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C# short/long/int literal format?

Reading up on the use of var in programming, I'm curious about what var defaults to when it's used for an int type. For example, if I use

var foo = 65535

will the type be ushort or just int? Thanks.

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marked as duplicate by Paolo Moretti, skolima, Daniel A. White, Hristo Iliev, OmnipotentEntity Oct 19 '12 at 18:16

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It's probably Int32, seeing as that's sort of the standard. Why don't you find out? var num = 65535; Console.Write(num.GetType().Name) –  KChaloux Oct 19 '12 at 14:17
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2 Answers 2

up vote 28 down vote accepted

Really, what you're asking is What type is given to integer literals in C#?, to which the answer can be found in the specification:

(Section 2.4.4.2 of the 4.0 spec)

The type of an integer literal is determined as follows:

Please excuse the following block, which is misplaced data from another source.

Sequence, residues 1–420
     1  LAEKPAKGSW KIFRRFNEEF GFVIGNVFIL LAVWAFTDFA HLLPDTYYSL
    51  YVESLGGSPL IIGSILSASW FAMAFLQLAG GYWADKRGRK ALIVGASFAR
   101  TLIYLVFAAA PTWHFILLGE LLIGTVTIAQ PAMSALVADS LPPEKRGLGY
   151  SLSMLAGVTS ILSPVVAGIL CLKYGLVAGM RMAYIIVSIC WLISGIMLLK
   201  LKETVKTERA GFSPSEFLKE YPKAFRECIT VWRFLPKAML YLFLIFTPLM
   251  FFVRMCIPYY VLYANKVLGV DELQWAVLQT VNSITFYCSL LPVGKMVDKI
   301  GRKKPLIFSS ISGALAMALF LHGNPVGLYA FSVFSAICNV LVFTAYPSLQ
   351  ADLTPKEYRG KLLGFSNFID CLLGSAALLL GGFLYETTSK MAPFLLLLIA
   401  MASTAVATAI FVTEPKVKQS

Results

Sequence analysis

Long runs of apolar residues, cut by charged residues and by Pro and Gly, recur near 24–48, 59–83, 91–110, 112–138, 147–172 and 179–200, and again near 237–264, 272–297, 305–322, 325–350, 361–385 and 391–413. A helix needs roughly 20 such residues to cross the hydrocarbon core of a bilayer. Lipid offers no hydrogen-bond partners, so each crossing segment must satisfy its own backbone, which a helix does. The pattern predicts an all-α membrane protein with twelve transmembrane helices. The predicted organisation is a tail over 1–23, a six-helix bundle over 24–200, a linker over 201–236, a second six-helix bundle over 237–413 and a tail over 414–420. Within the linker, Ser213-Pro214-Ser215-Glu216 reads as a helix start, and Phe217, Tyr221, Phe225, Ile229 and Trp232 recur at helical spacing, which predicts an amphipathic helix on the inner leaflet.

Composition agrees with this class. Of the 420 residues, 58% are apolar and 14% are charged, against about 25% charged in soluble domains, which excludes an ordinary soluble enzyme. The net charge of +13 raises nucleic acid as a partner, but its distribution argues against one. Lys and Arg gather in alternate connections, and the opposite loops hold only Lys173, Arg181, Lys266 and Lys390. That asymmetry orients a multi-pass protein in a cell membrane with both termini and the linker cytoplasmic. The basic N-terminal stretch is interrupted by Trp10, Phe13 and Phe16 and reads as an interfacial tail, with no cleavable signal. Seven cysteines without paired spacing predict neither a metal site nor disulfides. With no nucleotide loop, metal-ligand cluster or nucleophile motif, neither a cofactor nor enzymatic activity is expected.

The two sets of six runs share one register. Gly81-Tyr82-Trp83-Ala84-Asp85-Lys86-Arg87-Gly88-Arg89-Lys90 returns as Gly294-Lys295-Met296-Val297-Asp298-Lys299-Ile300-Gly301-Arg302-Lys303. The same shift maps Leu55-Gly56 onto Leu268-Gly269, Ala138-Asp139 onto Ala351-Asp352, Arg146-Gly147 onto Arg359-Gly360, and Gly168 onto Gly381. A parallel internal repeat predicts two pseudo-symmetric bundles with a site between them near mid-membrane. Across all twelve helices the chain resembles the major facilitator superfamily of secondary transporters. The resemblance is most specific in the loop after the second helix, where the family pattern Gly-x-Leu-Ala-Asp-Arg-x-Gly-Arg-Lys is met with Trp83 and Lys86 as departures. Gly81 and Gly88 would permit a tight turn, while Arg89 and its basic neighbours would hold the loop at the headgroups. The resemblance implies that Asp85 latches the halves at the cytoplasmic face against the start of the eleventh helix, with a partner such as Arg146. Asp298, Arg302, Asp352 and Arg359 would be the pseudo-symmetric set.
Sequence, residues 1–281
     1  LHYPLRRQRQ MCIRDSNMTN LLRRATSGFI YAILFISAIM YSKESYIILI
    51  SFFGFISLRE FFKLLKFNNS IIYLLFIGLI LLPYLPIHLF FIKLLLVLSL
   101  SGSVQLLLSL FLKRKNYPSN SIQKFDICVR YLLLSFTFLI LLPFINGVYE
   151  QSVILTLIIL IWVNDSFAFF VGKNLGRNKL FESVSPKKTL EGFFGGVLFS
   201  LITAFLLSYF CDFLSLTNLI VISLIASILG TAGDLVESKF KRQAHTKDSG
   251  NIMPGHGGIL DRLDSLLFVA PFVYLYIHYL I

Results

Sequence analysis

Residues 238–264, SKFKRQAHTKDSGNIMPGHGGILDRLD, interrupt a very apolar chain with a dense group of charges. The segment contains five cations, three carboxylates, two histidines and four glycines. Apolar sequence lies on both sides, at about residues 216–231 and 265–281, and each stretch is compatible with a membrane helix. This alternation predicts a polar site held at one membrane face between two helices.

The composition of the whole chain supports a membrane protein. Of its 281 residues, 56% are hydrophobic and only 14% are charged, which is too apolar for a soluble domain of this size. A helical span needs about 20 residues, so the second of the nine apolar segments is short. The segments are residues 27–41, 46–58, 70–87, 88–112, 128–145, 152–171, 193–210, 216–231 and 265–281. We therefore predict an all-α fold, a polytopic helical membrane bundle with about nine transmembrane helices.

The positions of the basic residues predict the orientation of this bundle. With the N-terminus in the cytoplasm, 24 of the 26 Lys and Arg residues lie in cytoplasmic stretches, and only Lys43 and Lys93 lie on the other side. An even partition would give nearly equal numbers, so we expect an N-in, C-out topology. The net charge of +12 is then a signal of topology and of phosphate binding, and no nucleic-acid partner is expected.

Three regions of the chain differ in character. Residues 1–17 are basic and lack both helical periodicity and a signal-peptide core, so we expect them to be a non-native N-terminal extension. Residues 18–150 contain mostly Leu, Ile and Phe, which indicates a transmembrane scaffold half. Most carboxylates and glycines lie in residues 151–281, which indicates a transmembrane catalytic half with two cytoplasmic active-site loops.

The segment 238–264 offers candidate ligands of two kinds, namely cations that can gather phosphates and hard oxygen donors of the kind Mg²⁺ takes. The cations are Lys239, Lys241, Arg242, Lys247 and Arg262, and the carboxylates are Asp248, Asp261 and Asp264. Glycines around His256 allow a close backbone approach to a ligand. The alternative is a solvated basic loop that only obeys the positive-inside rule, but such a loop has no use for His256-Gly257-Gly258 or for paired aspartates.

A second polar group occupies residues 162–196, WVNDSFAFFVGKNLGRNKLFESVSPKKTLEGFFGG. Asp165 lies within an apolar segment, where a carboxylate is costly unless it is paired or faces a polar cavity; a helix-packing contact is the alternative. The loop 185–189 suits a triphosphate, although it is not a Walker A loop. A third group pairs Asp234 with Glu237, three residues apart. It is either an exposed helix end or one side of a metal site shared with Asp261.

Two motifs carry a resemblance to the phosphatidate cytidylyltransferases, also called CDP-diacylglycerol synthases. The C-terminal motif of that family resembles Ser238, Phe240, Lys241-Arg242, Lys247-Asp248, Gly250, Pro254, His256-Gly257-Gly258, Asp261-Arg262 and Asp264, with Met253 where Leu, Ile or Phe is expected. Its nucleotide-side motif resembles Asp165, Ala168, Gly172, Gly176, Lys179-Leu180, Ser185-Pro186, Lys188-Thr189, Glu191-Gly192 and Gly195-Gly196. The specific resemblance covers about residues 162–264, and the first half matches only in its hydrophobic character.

• If the literal has no suffix, it has the first of these types in which its value can be represented: int, uint, long, ulong.
  • If the literal is suffixed by U or u, it has the first of these types in which its value can be represented: uint, ulong.
  • If the literal is suffixed by L or l, it has the first of these types in which its value can be represented: long, ulong.
  • If the literal is suffixed by UL, Ul, uL, ul, LU, Lu, lU, or lu, it is of type ulong.

If the value represented by an integer literal is outside the range of the ulong type, a compile-time error occurs.

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Thank you. You're answer was very descriptive, and helpful. –  MyCodeSucks Oct 19 '12 at 14:35
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All integer literals are of type int, so your variable will be int unless you cast or add an explicit type qualifier at the end:

var quick = 65535;         // int
var brown = (ushort)65535; // ushort
var fox = 65535L;          // long
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Thank you. You're answer was very helpful. –  MyCodeSucks Oct 19 '12 at 14:35
1  
unsigned doesn't work in C#. I think you meant to use ushort. –  svick Oct 19 '12 at 16:53
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